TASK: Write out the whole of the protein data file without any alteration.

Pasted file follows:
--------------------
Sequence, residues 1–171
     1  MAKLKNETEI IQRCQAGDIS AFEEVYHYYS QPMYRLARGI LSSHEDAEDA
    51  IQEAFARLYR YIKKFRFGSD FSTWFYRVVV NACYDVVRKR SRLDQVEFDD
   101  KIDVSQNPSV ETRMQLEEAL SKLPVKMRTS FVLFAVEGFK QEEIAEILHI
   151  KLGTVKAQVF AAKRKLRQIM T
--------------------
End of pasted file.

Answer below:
Sequence, residues 1–171
     1  MAKLKNETEI IQRCQAGDIS AFEEVYHYYS QPMYRLARGI LSSHEDAEDA
    51  IQEAFARLYR YIKKFRFGSD FSTWFYRVVV NACYDVVRKR SRLDQVEFDD
   101  KIDVSQNPSV ETRMQLEEAL SKLPVKMRTS FVLFAVEGFK QEEIAEILHI
   151  KLGTVKAQVF AAKRKLRQIM T